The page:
Perhaps the drawings I made will help.  Emphasis on the perhaps.

The moon travels around the Earth once about every day.  Throughout the full moon cycle, though, it occupies many different positions with respect to the sun, and those different positions, from our perspective, make the moon appear to change shape because of what proportion of the moon is lit by the sun.

The moon travels around the Earth once about every day. Throughout the full moon cycle, though, it occupies many different positions with respect to the sun, and those different positions, from our perspective, make the moon appear to change shape because of what proportion of the moon is lit by the sun.

Here, the oceans are represented in the light blue layer surrounding the green Earth.  During the new and full moons, the oceans are pulled into spring tides, and at the quarter moon the tides are softened into neap tides.

Here, the oceans are represented in the light blue layer surrounding the green Earth. During the new and full moons, the oceans are pulled into spring tides, and at the quarter moon the tides are softened into neap tides.

For more diagrams of moon phases, simply search “moon phases” in Google Images.  For an even better explanation of tides, check out the MarineBio.org website.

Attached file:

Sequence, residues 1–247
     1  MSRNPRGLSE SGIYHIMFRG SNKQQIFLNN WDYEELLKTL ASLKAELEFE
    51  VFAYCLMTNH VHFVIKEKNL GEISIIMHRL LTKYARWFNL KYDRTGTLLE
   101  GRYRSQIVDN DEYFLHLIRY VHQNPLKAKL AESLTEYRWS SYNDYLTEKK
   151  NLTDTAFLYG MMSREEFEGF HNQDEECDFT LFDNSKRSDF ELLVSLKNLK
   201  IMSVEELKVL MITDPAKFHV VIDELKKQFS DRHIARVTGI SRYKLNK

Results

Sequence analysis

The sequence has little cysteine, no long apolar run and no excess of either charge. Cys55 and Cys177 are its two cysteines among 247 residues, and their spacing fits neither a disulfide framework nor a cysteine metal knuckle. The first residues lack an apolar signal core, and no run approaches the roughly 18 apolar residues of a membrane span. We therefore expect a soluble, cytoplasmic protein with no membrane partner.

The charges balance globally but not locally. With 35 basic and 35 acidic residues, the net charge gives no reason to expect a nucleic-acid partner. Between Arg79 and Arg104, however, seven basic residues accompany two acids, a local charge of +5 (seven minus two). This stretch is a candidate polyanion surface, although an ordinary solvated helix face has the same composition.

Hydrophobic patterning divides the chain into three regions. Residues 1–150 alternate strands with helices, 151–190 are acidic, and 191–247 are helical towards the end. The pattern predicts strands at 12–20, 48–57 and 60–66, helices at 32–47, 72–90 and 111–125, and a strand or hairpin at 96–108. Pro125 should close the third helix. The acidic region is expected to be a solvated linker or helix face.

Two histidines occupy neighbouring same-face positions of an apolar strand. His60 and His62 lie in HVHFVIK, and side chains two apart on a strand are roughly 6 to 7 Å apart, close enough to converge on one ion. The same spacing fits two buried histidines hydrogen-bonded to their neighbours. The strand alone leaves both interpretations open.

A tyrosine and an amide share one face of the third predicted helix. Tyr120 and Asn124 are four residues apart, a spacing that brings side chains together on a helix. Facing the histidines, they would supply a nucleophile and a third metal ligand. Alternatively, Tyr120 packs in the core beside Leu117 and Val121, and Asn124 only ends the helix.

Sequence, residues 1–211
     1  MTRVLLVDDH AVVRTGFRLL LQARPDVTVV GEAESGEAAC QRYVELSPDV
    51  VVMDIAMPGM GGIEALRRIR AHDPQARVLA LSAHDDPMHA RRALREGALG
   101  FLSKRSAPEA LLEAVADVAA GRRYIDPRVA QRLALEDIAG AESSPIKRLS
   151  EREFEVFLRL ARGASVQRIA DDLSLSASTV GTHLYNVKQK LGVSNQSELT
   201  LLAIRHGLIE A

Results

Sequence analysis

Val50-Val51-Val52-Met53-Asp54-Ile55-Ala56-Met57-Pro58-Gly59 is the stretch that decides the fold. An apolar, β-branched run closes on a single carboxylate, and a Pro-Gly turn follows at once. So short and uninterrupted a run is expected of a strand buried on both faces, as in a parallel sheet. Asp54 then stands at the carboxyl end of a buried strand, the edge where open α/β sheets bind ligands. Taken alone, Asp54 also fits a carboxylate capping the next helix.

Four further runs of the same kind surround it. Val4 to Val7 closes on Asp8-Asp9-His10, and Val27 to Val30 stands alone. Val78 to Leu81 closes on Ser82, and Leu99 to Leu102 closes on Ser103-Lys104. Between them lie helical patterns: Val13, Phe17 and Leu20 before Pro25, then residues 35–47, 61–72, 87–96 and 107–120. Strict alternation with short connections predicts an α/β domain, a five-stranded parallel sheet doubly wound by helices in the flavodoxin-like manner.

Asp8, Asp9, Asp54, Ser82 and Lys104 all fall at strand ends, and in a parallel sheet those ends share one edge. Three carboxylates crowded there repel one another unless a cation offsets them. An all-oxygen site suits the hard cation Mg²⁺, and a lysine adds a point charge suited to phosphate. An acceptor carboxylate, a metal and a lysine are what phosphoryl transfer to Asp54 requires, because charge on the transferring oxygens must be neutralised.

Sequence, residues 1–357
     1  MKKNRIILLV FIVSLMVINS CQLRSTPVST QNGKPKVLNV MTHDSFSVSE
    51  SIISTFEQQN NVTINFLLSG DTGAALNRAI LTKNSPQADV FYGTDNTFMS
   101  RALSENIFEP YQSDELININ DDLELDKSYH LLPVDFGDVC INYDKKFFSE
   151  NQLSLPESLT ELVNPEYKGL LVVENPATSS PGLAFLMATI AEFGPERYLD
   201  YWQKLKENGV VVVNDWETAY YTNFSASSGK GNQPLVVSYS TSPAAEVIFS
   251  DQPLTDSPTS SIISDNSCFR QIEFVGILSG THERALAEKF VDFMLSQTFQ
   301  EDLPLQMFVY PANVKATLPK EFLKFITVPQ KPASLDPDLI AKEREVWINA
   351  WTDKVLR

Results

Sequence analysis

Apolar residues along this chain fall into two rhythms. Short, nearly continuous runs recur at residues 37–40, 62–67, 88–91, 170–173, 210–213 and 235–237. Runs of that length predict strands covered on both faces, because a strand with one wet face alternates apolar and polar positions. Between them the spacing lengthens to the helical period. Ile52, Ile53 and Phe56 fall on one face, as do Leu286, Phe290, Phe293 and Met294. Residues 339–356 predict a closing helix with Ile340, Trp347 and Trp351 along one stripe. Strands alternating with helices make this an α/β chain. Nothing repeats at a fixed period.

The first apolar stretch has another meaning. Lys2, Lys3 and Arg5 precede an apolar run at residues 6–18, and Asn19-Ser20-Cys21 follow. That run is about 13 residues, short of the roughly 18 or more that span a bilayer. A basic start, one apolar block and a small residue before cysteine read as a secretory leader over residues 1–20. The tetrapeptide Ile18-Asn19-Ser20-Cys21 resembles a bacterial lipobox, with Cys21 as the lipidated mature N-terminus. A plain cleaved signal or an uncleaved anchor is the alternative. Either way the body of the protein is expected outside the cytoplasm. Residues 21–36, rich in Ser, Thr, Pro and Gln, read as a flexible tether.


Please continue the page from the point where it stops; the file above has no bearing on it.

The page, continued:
In Part 2, we’ll discuss some of the flora and fauna at the beach, including schools, sargassum, and shells.

As soon as I get the laundry finished.

Looking Under Logs

I volunteer at the local nature center on Friday mornings, teaching preschoolers all about nature.  It is the highlight of my week, surrounded by the chaos of toddlers and tiny-legged runners, all ready to absorb and love whatever I enthusiastically share.

So, of course, in return for this love and mutual enthusiasm, I make them hold creepy crawlies.

Well, I don’t technically force them, but I do encourage and help (and cajole and convince) a lot.  In fact, I’ve gotten so many kiddos on board the “Creepy Crawlies are Cool” train that it’s become an expected part of our Friday mornings.  We play lots of different games in the nature center yard, but we never, ever forget to roll over a few of the logs and have a look underneath.

And here’s what we find:

Earthworms

A girl less than two years old holds an earthworm for the first time.  She was mesmerized!

A girl less than two years old holds an earthworm for the first time. She was mesmerized!